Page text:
3) THE SOUTH SHORE GETS ITS DAY
What does the south shore of Lake Superior have in common with Napa Valley? People who love the drink, the New York Times says:
Here winter delivers a hefty wallop: about seven feet of snow annually. With their snowmobiling and their ice fishing, Northlanders revel in it. Northland brewers revel in winter too, savoring the opportunity to experiment with spices and fruits, bigger bodies and higher alcohol contents. It all makes for a kind of north woods Napa Valley for the beer tourist.
4) SNOWBLOWING THE ROOF
Question: If the roof can support, I’d say, a 200 pound person in one location, couldn’t it support more snow considering the load is shared across all of the roof? Let’s hear from you engineers with your fancy calculations.
5) SHOULD COLLEGE KIDS BE ALLOWED TO RENT IN YOUR NEIGHBORHOOD?
“We need students, and we need to make them feel welcome. But we also need to have a balance,” A Duluth woman tells the News Tribune. “We can’t have our neighborhoods completely flip. If they do, who are your kids going to play with, and where are you going to park?” She’s in favor of a proposal before the Duluth City Council that would build a “protection zone” around the University of Minnesota Duluth to keep the kids from renting in the area, and taking over the neighborhood.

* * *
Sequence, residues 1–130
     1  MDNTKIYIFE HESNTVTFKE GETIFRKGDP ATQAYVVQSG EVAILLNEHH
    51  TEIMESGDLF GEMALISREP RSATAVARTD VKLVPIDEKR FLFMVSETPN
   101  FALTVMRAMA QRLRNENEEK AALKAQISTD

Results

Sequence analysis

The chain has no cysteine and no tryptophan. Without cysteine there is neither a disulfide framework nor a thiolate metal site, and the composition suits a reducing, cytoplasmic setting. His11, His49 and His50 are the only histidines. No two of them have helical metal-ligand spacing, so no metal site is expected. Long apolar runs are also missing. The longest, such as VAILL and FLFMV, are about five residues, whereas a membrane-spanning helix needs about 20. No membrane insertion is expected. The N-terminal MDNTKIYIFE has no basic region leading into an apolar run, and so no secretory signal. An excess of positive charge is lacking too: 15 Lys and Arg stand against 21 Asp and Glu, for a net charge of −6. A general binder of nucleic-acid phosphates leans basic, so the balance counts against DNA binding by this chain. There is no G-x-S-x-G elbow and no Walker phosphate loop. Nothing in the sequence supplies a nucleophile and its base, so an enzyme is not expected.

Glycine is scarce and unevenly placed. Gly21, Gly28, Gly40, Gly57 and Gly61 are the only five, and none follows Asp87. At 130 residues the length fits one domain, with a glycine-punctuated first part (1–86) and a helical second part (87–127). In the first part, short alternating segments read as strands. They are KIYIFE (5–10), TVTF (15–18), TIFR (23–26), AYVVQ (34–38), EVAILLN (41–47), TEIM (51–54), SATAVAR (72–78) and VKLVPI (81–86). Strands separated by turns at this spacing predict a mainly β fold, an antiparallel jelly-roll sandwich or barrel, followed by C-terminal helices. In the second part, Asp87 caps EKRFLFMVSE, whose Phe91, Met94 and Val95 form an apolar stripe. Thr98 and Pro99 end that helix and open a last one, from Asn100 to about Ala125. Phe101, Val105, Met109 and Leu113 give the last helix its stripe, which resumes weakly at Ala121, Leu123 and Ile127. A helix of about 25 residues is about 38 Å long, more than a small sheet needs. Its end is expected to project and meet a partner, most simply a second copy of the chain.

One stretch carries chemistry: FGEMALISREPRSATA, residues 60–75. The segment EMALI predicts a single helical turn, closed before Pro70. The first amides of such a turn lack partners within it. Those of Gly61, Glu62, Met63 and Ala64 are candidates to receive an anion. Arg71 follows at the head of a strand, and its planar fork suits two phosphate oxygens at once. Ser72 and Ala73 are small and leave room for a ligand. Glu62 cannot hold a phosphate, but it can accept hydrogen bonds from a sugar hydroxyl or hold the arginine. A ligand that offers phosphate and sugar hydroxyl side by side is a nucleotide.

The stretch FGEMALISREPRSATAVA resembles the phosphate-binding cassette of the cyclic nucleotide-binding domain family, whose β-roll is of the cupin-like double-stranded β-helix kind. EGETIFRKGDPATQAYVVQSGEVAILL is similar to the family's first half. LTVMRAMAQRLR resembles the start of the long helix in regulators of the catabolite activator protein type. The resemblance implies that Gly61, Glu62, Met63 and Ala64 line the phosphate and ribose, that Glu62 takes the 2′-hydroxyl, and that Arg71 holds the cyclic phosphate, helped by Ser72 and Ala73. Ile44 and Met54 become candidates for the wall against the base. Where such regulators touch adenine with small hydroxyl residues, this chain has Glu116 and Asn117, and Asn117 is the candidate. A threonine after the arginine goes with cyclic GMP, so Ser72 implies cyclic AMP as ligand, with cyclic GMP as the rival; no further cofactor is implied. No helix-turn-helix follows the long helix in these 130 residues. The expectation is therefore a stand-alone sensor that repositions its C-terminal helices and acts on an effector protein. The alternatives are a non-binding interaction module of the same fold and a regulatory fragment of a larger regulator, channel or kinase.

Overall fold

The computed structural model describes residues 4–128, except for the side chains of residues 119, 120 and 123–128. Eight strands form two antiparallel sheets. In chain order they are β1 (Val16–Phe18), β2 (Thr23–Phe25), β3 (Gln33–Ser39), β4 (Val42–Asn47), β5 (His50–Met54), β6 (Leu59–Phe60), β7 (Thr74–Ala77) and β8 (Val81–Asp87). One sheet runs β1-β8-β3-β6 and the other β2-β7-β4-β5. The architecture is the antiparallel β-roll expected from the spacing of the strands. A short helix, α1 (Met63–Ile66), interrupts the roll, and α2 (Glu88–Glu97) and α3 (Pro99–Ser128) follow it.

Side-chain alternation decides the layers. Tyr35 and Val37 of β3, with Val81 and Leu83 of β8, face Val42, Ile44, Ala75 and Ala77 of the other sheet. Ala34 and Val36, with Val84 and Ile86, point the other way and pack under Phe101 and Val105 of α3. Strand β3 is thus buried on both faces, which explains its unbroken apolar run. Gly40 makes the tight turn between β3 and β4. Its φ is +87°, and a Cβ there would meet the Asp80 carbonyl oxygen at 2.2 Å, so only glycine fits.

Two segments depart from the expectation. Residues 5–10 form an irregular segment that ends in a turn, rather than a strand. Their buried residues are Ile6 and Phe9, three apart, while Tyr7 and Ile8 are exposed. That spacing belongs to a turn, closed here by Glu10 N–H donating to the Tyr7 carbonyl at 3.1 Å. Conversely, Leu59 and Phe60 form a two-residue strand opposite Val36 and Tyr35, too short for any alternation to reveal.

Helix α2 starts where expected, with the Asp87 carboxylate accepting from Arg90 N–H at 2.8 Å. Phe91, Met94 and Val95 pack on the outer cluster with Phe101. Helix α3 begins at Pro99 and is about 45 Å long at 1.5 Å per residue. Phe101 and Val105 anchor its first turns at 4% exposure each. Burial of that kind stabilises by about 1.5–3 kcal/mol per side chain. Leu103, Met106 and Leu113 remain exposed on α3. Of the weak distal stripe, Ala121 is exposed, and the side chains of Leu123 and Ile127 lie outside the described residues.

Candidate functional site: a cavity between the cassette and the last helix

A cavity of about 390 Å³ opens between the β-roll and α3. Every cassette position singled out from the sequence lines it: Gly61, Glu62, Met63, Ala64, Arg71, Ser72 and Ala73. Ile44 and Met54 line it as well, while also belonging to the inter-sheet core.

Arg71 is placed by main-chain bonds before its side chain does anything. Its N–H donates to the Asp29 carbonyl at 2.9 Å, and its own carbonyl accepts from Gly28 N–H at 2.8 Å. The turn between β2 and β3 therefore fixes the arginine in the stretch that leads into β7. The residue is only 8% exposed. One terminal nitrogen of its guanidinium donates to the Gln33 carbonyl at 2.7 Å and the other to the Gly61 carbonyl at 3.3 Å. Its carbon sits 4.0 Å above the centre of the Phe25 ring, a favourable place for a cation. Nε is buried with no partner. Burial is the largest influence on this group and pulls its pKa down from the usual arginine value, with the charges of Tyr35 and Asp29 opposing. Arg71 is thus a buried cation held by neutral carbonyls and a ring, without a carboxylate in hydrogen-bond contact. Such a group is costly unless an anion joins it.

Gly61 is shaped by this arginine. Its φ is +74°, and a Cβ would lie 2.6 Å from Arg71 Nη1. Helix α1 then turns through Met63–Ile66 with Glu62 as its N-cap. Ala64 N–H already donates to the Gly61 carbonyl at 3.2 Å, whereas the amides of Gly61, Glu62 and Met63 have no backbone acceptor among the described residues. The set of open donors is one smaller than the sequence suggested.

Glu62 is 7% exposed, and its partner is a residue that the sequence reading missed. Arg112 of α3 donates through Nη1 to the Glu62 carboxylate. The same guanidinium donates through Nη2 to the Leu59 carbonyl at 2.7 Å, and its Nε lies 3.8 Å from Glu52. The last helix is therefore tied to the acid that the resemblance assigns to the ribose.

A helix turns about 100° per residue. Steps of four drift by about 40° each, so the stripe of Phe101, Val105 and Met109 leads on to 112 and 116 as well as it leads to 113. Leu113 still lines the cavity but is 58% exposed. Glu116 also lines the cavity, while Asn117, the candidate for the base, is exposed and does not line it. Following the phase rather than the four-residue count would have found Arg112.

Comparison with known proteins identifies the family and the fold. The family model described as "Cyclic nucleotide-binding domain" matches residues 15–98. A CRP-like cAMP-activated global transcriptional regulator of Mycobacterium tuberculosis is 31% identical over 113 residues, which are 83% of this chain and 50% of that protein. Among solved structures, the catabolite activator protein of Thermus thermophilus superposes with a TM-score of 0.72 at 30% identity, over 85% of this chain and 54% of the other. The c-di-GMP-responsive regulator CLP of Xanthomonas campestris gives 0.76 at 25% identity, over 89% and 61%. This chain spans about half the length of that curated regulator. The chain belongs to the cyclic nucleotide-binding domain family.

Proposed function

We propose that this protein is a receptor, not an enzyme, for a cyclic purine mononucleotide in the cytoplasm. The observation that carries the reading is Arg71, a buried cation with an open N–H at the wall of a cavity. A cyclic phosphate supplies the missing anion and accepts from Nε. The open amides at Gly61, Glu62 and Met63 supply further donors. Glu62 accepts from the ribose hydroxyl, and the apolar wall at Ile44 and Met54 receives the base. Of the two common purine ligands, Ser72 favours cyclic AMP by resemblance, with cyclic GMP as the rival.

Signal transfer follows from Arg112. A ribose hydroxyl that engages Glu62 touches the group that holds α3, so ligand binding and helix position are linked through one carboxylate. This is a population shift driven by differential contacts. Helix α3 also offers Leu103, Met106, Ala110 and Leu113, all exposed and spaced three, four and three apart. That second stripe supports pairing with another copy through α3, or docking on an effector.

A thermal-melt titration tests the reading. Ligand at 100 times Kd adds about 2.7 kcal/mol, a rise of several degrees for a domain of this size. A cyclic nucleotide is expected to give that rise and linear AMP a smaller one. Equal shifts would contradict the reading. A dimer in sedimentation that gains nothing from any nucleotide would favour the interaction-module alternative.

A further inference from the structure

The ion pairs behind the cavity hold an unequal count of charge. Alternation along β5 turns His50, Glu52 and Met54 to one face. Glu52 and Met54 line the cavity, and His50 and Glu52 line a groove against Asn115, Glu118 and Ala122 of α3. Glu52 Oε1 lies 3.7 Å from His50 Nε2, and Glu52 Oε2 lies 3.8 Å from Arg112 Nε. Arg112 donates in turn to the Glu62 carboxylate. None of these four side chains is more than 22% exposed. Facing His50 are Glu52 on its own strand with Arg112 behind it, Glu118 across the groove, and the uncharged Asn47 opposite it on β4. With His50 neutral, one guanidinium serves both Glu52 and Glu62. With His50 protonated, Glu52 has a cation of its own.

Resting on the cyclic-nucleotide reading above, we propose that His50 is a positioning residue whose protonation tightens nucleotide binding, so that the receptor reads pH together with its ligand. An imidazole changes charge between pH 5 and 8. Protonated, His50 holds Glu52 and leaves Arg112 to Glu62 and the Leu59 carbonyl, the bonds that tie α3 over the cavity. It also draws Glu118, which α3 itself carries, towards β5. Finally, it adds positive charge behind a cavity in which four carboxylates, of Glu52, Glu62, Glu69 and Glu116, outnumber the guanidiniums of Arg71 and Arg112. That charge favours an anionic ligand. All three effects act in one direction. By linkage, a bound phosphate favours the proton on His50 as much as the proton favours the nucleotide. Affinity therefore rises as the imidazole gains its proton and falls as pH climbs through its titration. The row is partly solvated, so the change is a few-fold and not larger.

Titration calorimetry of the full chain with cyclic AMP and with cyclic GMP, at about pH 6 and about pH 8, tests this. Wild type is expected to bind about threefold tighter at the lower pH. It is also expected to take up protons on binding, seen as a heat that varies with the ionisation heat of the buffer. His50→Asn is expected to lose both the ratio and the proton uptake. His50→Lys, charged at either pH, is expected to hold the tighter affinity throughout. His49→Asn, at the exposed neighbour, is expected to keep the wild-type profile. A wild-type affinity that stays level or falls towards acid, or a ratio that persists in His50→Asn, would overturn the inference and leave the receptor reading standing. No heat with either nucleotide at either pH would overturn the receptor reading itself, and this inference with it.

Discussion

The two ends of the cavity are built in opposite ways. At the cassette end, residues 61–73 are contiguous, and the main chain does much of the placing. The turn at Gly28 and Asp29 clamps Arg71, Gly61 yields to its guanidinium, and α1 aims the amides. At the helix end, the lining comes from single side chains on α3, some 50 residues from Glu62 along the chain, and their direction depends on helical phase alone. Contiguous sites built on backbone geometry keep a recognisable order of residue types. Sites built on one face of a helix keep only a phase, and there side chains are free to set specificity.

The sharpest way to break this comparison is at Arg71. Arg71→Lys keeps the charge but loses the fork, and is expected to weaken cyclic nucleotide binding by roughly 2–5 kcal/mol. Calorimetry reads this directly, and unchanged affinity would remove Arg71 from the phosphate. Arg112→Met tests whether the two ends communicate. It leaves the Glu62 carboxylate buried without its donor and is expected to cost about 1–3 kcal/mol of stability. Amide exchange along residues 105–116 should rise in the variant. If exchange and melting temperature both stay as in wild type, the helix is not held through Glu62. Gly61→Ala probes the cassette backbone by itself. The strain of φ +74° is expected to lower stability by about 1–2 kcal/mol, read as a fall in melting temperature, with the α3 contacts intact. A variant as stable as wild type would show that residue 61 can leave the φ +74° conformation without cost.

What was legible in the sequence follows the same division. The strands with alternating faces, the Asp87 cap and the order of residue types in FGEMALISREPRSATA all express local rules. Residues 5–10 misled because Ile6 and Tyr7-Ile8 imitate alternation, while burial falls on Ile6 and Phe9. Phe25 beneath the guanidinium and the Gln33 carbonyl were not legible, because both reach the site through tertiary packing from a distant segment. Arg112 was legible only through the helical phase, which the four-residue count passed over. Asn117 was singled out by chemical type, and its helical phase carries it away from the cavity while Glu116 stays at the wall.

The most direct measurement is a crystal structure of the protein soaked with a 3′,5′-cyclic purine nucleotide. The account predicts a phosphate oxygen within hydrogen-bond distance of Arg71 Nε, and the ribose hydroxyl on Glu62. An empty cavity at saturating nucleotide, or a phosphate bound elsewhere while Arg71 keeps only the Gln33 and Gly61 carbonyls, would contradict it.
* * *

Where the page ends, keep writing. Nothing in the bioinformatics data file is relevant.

Can a community have a college/university and not have it take over neighborhoods? Discuss.
Several U.S. senators plan to introduce a bill that would give the president the power to restrict Internet traffic in the event of a cyber security emergency. Should the president have an “Internet kill switch” to limit damage to U.S. infrastructure in case of a cyber attack?
WHAT WE’RE DOING
Midmorning (9-11 a.m.) – First hour: A preview of the governor’s budget. Minnesota’s Republican-led Legislature has proposed nearly $1 billion in cuts, and next week Gov. Mark Dayton will release his own budget proposal. Two men familiar with Minnesota’s past budget battles share their thoughts on where the battle lines will be drawn.
Second hour: With the 53rd Grammy Awards coming up this weekend, Midmorning brings you Kerri Miller’s in-depth conversations about music and songwriting with Grammy winners Aaron Neville, Shawn Colvin, and Loudon Wainwright III
Midday (11 a.m. – 1 p.m.) – First hour: Richard Sandor and Bob Litterman on environmental economics.
Second hour: Douglas Brinkley, Lou Cannon & Richard Reeves on Ronald Reagan’s legacy.
Talk of the Nation (1-3 p.m.) – First hour: TBA
Second hour: The rapid growth of food allergies among children and how the conventional wisdom on treatment has changed.
All Things Considered (3-6:30 p.m.) – As a bill to repeal local background checks for gun buyers moves through the Legislature, MPR’s Sasha Aslanian examines the impact of the carry law in Minnesota. Who’s currently not able to get a gun and will that change? Requests for permits to carry are way up. How about gun sales? And what effect has conceal carry had on crime in Minnesota? Is it making Minnesota safer, as the supporters claimed, or is it putting too many guns on the streets, as the critics alleged?
Chris Roberts looks at the astonishing beat boxing and vocal dexterity of local rapper “Carnage the Executioner.” On his new CD, “Worth the Wait,” Carnage opens up about his incredible ‘rough and tumble’ upbringing on the streets of Chicago and Minneapolis.